I have reviewed your request to the Los Angeles Police Department (“Department”) under the California Public Records Act (Cal. Govt. Code section 6250, et seq., hereinafter the “Act”) seeking “all discipline history and use of force history for Officer Dan Welle.”
The Department is cognizant of its responsibilities under the Act. It recognizes the statutory scheme was enacted to maximize citizen access to the workings of government. The Act does not mandate disclosure of all documents within the government’s possession. Rather, by specific exemption and reference to other statutes, the Act recognizes that there are boundaries where the public’s right to access must be balanced against such weighty considerations as the right of privacy, a right of constitutional dimension under California Constitution, Article 1, Section 1. The law also allows for nondisclosure of records that are otherwise exempt under either express provisions of the Act or pursuant to applicable federal or state law, per California Government Code Sections 6254(a); 6254(b); 6254(c);6254(f); 6254(k); and 6255.
The Department also recognizes that Penal Code Section 832.7 – which generally makes all peace officer personnel records confidential and undisclosable – was amended on January 1, 2019 by Senate Bill 1421 to create an exception from that general confidentiality requirement for the following four categories of officer personnel and investigatory records: records relating to the report, investigation, or findings of (i) an incident regarding an officer-involved shooting; (ii) an incident involving the use of force by an officer resulting in death or great bodily injury; (iii) an incident involving a sustained finding of sexual assault by an officer involving a member of the public; and (iv) an incident involving a sustained finding of dishonesty by an officer directly related to the reporting, investigation, or prosecution of a crime or of the investigation of misconduct by another officer. Pen. Code § 832.7(b)(1)(A)-(C).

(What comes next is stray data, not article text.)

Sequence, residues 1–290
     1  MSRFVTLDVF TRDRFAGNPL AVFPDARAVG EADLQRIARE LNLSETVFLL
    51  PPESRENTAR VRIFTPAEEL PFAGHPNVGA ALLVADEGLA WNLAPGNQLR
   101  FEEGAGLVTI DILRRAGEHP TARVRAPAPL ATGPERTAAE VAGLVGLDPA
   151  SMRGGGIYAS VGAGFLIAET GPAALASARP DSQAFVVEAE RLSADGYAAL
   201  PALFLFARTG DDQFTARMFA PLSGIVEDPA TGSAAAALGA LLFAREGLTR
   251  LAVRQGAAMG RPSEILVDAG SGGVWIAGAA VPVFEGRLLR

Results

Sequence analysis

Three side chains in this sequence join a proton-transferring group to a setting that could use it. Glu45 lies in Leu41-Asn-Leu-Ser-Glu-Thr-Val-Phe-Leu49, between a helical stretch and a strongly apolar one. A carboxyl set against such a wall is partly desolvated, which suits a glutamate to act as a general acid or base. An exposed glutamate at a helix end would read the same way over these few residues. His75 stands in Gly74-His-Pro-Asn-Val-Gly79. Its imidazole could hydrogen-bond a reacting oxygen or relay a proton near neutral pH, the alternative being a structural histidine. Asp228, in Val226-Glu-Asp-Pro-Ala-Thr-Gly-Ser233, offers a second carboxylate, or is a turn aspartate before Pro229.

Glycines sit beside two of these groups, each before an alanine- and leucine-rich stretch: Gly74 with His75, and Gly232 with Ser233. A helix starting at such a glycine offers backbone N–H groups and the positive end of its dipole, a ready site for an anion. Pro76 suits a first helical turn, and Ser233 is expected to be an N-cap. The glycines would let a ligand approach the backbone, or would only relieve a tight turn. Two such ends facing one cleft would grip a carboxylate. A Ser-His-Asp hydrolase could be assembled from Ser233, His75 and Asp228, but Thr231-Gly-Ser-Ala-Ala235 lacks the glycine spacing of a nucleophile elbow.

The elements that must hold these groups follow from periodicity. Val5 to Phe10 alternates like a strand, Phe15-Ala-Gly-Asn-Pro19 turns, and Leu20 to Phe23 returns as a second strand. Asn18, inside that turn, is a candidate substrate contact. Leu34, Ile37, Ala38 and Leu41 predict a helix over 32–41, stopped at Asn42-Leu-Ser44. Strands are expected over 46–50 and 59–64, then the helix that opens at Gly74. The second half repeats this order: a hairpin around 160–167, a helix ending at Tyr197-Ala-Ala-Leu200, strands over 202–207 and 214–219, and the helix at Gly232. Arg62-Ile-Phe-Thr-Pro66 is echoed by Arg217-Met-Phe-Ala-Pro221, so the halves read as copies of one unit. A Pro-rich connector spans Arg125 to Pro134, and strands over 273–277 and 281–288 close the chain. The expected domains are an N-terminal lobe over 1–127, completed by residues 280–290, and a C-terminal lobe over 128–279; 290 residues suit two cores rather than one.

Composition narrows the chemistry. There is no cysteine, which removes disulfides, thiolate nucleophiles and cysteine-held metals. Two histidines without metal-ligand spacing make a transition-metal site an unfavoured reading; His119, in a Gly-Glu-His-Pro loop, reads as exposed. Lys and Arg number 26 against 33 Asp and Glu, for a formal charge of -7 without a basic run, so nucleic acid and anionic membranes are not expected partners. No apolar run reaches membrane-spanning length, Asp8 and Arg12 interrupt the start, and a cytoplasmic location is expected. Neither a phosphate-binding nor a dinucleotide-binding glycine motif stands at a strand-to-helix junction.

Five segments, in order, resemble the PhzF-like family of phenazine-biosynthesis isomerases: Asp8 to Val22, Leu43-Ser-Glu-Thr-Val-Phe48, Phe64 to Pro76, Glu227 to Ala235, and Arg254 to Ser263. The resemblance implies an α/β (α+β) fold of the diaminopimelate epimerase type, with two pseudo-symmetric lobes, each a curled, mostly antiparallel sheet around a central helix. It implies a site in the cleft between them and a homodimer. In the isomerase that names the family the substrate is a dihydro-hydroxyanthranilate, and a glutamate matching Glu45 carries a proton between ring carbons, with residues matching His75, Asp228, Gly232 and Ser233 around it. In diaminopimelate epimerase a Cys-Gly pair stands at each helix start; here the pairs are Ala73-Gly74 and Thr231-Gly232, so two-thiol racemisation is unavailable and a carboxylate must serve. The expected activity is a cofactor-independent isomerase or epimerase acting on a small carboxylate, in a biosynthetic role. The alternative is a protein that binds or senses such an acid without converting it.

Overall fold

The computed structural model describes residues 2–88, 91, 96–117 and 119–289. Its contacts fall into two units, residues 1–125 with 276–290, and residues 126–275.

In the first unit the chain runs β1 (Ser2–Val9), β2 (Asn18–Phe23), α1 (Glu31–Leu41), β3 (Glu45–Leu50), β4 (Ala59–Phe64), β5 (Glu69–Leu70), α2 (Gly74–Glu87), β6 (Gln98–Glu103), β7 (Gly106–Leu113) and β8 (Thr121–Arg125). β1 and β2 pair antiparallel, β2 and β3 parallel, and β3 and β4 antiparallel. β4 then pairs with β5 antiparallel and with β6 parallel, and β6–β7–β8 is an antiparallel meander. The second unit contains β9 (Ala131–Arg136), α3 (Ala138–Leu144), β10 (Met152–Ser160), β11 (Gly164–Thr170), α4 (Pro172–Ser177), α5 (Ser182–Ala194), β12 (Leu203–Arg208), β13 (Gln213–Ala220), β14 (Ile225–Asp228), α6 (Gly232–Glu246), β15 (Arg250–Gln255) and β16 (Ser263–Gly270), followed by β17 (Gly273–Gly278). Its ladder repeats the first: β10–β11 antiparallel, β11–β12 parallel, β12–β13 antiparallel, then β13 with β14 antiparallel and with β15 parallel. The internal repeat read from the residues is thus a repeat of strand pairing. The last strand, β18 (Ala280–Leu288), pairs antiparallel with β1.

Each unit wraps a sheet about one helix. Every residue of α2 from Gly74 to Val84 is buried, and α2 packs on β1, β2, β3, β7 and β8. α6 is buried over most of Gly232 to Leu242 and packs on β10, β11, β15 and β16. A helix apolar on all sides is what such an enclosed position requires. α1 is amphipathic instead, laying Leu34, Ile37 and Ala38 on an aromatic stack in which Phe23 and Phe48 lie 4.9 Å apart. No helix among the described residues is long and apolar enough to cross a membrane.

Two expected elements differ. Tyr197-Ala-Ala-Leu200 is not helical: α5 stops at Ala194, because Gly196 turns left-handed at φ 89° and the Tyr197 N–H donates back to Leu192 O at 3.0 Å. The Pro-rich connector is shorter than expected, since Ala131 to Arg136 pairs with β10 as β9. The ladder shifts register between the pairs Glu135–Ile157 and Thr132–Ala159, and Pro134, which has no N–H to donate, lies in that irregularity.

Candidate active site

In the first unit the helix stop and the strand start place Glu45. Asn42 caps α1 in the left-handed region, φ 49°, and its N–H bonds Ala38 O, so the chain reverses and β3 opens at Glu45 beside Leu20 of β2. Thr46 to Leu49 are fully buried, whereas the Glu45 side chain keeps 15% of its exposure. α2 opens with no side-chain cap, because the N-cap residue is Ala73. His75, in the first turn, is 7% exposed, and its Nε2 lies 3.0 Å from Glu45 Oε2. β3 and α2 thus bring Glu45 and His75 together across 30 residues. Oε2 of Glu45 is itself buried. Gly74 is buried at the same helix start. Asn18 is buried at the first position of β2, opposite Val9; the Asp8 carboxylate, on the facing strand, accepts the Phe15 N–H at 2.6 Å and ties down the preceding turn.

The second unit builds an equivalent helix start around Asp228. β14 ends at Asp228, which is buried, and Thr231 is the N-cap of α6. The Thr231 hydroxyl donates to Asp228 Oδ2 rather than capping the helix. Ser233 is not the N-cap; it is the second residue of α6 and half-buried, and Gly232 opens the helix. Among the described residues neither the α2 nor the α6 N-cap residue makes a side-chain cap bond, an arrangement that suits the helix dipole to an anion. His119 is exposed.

The Department has conducted a search for responsive records to your request, and did not locate disclosable responsive records pertaining to sustained complaints of sexual assault or dishonesty. The Department does maintain disclosable responsive records for discharge of a firearm, or use of force resulting in great bodily injury or death for: Dan Welle, Serial 21129 (F79-421138); however, there are no disciplinary records associated with this officer-involved shooting.
Due to the age of the file for the records requested, a physical search will need to be conducted for archived documents for identification and retrieval of possible responsive records. The Department will need additional time for document identification and retrieval.